Moreover, the NSA needed the ability to obtain and analyze records not just from one phone company, but from all of them.  It’s not like the NSA could issue a subpoena to AT&T for the records related to (202) 867-5309 and find out that that number called (212) 687-7500 on Verizon, and then get those records from Verizon  - at least not in real time.  And that’s what they needed (or thought they needed) data in real time.

The Bulk Data Collection Program is Legal, Narrow and Reasonable

The NSA came up with the “bulk data” collection program.  Armed with the statutory authority of Section 215 to obtain “documents and physical objects,” they would get a court order from the super-secret court every day for a “data dump” from all of the telcos.  All phone carriers would provide the NSA with a record of every single call made or received, the numbers used, the location of the calls (maybe), their duration and sequence, and possibly other data. 

The FCC calls this information “CPNI” or Consumer Proprietary Network Information, and makes it clear that, while these are records created by the phone company, there are strict restrictions on how the phone companies can collect, store and use this data.  However, a court order (by the FISA court) trumps the FCC privacy laws, if the Court order is lawful and constitutional   It has been reported that a few telcos (including Sprint) opposed the bulk data collection orders, but the authority of the NSA to compel production was affirmed by the FISC.

The idea behind the bulk CPNI data collection program was that the NSA would replicate the databases of all telcos, and have a massive, searchable relational database of every call made.  Thus, if they got the phone number in Afghanistan, they could then ping the database (subject to strict restrictions imposed by the FISC) to find out more information about the phone number, who they called, and who the people they called.  Up to “three hops” from the original phone call. 

The Bulk Data Collection Program Was Authorized by Congress

So, to the NSA, the FISC, and at least one federal district court, the program was authorized by Congress which passed section 215 and had at least the opportunity to know about the program and how the FISC was interpreting NSA’s Section 215 authority. 

The NSA briefed at least the intelligence committees about how it was interpreting its Section 215 authority.  Other Members of Congress may have had the opportunity to be in on some of the briefings and know how the NSA was interpreting its statutory authority.  If Congress didn’t like how the NSA and the FISC were interpreting the Section 215 authority, Congress certainly could have (but didn’t) repealed Section 215. 

The fact that Congress did not repeal the authority of the NSA to subpoena documents and tangible objects is clear evidence that, when they passed Section 215 as part of the USA PATRIOT Act it was their intention to create a massive database of every phone call every person makes or receives.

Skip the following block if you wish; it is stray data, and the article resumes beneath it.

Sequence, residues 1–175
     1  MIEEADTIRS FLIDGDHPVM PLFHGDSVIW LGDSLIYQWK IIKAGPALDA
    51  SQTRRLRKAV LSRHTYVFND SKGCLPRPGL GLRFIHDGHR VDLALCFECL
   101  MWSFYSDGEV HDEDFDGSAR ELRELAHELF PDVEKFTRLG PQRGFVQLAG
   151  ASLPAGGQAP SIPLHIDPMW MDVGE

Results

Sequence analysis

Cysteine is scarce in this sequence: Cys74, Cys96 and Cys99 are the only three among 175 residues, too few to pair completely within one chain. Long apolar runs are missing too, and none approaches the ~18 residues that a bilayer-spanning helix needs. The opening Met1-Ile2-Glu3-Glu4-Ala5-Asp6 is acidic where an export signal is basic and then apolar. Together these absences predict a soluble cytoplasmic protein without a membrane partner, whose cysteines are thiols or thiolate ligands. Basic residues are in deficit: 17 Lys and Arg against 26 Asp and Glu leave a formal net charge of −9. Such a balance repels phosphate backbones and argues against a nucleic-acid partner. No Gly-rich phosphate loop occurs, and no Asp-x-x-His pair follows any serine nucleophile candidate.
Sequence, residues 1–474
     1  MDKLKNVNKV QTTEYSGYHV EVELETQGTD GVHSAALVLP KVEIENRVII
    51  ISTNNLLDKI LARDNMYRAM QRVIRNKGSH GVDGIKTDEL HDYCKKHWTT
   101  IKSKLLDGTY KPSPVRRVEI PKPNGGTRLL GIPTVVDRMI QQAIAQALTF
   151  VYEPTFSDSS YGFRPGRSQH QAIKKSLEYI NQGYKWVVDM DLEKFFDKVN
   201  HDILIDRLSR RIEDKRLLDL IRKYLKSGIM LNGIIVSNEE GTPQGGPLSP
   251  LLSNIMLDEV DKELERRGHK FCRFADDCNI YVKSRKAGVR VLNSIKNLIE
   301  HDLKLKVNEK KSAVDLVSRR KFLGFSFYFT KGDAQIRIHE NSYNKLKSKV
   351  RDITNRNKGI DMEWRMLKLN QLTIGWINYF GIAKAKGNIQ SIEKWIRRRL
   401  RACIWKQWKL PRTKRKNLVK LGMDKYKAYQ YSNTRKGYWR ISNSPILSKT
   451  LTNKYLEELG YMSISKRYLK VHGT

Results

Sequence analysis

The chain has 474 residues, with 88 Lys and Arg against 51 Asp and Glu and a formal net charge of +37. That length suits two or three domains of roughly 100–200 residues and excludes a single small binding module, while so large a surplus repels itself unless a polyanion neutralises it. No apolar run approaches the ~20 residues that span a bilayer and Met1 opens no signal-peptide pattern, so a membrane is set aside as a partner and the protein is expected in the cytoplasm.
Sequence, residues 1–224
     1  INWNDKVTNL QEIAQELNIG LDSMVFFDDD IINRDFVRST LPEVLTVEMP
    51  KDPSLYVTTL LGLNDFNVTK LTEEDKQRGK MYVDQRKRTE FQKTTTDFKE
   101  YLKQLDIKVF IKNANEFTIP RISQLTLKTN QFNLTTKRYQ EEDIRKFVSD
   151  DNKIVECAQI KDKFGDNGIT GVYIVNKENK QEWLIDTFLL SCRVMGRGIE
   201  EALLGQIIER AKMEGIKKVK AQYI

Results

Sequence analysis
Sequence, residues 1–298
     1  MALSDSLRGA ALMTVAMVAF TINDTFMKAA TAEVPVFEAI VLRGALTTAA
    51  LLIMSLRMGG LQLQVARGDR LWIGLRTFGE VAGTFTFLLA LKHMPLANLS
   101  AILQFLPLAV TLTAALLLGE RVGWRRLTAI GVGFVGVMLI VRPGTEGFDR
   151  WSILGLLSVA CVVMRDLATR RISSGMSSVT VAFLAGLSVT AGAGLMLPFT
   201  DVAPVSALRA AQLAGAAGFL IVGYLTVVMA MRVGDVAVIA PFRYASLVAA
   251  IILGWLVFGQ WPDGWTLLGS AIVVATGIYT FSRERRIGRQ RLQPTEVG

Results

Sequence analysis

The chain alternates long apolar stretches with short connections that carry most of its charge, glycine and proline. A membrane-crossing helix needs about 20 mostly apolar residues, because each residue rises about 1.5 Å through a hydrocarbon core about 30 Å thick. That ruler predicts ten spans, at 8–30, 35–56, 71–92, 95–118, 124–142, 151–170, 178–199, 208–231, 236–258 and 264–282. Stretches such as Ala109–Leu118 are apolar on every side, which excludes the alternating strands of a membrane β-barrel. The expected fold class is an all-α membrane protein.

Thus, Congress clearly intended the NSA to engage in the bulk CPNI collection process.  Moreover, Congress never had any hearings on repealing Section 215.  Although a few Members of Congress had some vague and unsubstantiated gripes about the NSA generally, Congress as a body never took any serious efforts to rein the NSA in, so they must have intended the NSA to do what it did.

The Bulk Data Collection Program Was Authorized by the Courts

The Fourth Amendment provides:

"The right of the people to be secure in their persons, houses, papers, and effects, against unreasonable searches and seizures, shall not be violated, and no Warrants shall issue, but upon probable cause, supported by Oath or affirmation, and particularly describing the place to be searched, and the persons or things to be seized."

Putting aside momentarily whether telephone records maintained by the phone company are individuals “persons, houses, papers and effects” the Fourth Amendment only prohibits “unreasonable” searches and seizures, and expresses a preference for a warrant.    In the case of the bulk data collection program, there was a warrant – or its functional equivalent – a court order.

The bulk CPNI program had the approval of the FISC itself.  The Court repeatedly affirmed the NSA’s authority to engage in the bulk subpoena and analysis of CPNI, and in fact issued all of the Court orders to the telcos. 

Since the Fourth Amendment prohibits unreasonable searches and seizures without a warrant, the FISC order satisfies the “warrant” requirement of the Fourth Amendment, rendering the bulk CPNI program lawful.  Besides, even if the program is ultimately unlawful, the NSA was, under the law, legally entitled to rely in good faith on the existence of and scope of the FISC Court order.

The Bulk data Collection Program Was Narrow and Targeted

Whether the program was “reasonable” is a function of the purpose of the program (to prevent terrorism), the scope of the program (telephone toll records), and the controls placed on the program.